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BSc Planning and Real Estate
Year of entry: 2022
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Course unit details:
Policy for Cities and Regions
|Unit level||Level 2|
|Teaching period(s)||Semester 1|
|Offered by||Planning and Environmental Management|
|Available as a free choice unit?||Yes|
Organising policy and governance on a spatial basis. The course also considers the changing objectives or urban and regional policies, and some of the debates about the purpose of policy intervention. Using examples of specific policy initiatives, the course considers the impact and effectiveness of spatial policy and governance.
- provide an introductory overview of the evolution of policy and governance arrangements for cities and regions, with particular emphasis on experience in England;
- stimulate thinking about the formulation, implementation and resultant impacts of public policy initiatives targeted at cities or regions;
- begin to consider the role of political and institutional change in shaping the nature and form of urban and regional policies; and
- explore current issues surrounding contemporary policies which impinge upon cities and regions.
By the end of the course unit, students should be able to:
- demonstrate an understanding of the principal social and economic challenges confronting cities and regions in England;
- show core knowledge of the key features and impacts of recent spatial policies for cities and regions in England; and
- demonstrate a preliminary understanding of the relationship between policies for cities and regions and changing economic, social and political circumstances.
Week 1 Lecture: Introduction: the changing political-economic, social and demographic basis for spatial policy (Iain Deas)
Workshop: Why spatial policy?
Week 2 Lecture: The changing focus of urban policy in British cities
Workshop: What should spatial policy do?
Week 3 Lecture: Managing population growth and decline
Workshop: Shrinking cities?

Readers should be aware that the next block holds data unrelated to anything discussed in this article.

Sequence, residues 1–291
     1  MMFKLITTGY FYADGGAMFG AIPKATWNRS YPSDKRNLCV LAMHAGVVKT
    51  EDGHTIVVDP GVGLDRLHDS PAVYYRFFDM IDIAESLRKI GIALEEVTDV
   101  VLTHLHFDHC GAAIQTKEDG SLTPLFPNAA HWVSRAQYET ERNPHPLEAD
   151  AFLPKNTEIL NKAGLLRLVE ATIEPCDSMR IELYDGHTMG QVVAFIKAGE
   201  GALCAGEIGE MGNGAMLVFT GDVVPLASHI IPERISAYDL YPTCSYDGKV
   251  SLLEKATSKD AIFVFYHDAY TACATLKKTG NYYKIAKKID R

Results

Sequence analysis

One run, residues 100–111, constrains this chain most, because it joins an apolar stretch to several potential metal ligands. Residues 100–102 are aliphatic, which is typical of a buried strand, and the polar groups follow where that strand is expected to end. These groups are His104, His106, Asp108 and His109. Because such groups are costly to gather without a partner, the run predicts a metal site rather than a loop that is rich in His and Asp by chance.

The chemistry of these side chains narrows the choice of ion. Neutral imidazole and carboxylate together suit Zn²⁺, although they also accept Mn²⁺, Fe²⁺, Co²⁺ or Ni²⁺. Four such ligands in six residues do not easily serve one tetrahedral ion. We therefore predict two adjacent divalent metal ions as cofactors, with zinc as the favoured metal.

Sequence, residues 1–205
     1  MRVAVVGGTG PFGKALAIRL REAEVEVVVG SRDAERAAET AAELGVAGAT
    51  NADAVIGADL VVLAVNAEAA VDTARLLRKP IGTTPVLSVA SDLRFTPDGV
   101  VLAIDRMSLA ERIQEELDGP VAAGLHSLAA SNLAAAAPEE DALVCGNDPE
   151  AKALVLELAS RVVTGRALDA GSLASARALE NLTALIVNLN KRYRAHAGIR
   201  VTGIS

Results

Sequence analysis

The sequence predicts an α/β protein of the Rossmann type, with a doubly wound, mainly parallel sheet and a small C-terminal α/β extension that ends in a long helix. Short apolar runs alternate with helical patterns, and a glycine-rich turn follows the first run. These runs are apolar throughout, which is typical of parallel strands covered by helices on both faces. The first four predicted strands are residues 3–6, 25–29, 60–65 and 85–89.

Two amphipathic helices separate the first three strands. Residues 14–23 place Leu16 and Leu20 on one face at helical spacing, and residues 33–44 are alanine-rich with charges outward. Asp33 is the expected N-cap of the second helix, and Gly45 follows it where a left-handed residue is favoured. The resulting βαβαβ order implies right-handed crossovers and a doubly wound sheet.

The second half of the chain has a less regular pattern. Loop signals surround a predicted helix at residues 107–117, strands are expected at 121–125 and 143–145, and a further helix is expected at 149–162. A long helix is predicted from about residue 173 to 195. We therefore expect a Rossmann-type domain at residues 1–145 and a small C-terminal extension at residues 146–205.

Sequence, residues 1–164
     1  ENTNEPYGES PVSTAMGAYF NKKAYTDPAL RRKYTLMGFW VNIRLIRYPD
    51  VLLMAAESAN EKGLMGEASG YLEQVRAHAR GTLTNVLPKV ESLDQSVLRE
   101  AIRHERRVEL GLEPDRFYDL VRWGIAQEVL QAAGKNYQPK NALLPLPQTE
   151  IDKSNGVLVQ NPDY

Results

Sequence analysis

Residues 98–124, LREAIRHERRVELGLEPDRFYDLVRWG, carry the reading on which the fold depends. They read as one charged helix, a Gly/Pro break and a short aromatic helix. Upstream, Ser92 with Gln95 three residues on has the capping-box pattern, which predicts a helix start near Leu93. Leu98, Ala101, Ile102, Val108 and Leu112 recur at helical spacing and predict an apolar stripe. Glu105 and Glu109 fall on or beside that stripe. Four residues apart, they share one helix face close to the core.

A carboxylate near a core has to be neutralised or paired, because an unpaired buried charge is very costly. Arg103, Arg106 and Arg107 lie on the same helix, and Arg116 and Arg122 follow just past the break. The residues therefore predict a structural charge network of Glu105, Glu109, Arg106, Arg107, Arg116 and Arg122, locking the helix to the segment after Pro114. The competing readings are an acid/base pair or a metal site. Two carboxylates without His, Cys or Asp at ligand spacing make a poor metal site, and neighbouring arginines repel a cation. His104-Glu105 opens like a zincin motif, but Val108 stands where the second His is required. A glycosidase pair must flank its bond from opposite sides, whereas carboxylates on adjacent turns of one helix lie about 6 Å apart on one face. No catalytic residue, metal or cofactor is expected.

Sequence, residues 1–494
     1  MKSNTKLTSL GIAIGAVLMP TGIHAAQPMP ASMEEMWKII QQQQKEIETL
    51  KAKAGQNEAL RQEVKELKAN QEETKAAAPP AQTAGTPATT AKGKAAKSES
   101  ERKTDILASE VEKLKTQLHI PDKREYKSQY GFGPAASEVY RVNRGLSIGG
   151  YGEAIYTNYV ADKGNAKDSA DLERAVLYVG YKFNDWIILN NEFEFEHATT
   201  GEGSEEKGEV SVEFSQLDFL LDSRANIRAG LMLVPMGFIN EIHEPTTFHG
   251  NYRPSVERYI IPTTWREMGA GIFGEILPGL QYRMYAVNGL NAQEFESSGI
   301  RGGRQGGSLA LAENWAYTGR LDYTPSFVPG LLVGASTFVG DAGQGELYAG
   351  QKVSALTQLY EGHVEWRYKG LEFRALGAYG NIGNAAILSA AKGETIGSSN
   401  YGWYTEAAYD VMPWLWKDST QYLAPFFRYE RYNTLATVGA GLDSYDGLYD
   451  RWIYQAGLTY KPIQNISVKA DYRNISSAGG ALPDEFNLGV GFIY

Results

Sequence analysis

Week 4 Walking tour, group A: The ‘housing offer’ in the agglomerative economy: Hulme, Castlefield and the city centre ringes
Week 5 Walking tour, group B: The ‘housing offer’ in the agglomerative economy: Hulme, Castlefield and the city centre ringes
Week 6 Workshop: City centre housing: boom to bust and back? This workshop will complement the material covered in the class walking tour in weeks 3 and 4. It will extend over the full two hours.
Week 7 Lecture: Urban agglomerative growth: revitalising post-industrial cities
Teaching and learning methods
The module ,comprising a mix of lectures (online if covid restrictions still apply) and weekly in-person content. The unit will comprise two main elements:
- weekly online introductions to each of the topics covered in the course unit workshops.
- These online sessions will be complemented by weekly classes held on campus, The workshops will comprise a mix of lecture-based material and class discussion, linked to the specific topic for the week.
Transferable skills and personal qualities
The module will help to give students an understanding of the environmental, social and economic challenges confronting a functional region that comprises a major urban area, its peri-urban surrounds and a large rural hinterland. In doing so, it will help to develop skills in synthesising a range of academic and policy-related information, applying critical analysis in light of wider temporal and spatial concerns. It will also help in terms of generic transferrable skills like team working and presentation, linked to the residential field trip.
PART 1: Essay plan (20%).
PART 2: 2,000 Essay (80%).
|Scheduled activity hours|
|Practical classes & workshops||2|
|Independent study hours|
|Iain Deas||Unit coordinator|